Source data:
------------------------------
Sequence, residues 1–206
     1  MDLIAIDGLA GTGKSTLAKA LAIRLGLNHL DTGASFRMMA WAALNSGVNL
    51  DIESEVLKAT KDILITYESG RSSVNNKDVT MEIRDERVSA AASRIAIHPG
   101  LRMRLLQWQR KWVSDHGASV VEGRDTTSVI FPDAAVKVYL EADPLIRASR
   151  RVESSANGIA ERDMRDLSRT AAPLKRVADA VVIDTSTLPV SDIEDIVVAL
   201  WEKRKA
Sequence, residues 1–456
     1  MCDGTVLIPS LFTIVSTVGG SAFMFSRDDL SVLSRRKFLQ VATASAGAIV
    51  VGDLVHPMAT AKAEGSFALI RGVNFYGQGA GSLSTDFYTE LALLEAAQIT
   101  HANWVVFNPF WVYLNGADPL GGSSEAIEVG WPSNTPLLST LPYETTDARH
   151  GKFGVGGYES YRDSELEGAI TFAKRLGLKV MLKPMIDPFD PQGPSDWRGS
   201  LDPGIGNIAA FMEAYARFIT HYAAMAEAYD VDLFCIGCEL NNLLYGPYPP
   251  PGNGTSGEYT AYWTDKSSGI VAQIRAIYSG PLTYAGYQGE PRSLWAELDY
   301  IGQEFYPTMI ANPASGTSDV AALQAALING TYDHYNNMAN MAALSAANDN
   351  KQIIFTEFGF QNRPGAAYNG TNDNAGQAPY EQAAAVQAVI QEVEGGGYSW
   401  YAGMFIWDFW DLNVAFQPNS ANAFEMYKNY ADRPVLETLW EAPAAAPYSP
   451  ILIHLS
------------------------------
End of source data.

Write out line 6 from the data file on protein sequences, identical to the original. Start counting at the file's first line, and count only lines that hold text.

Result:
   201  WEKRKA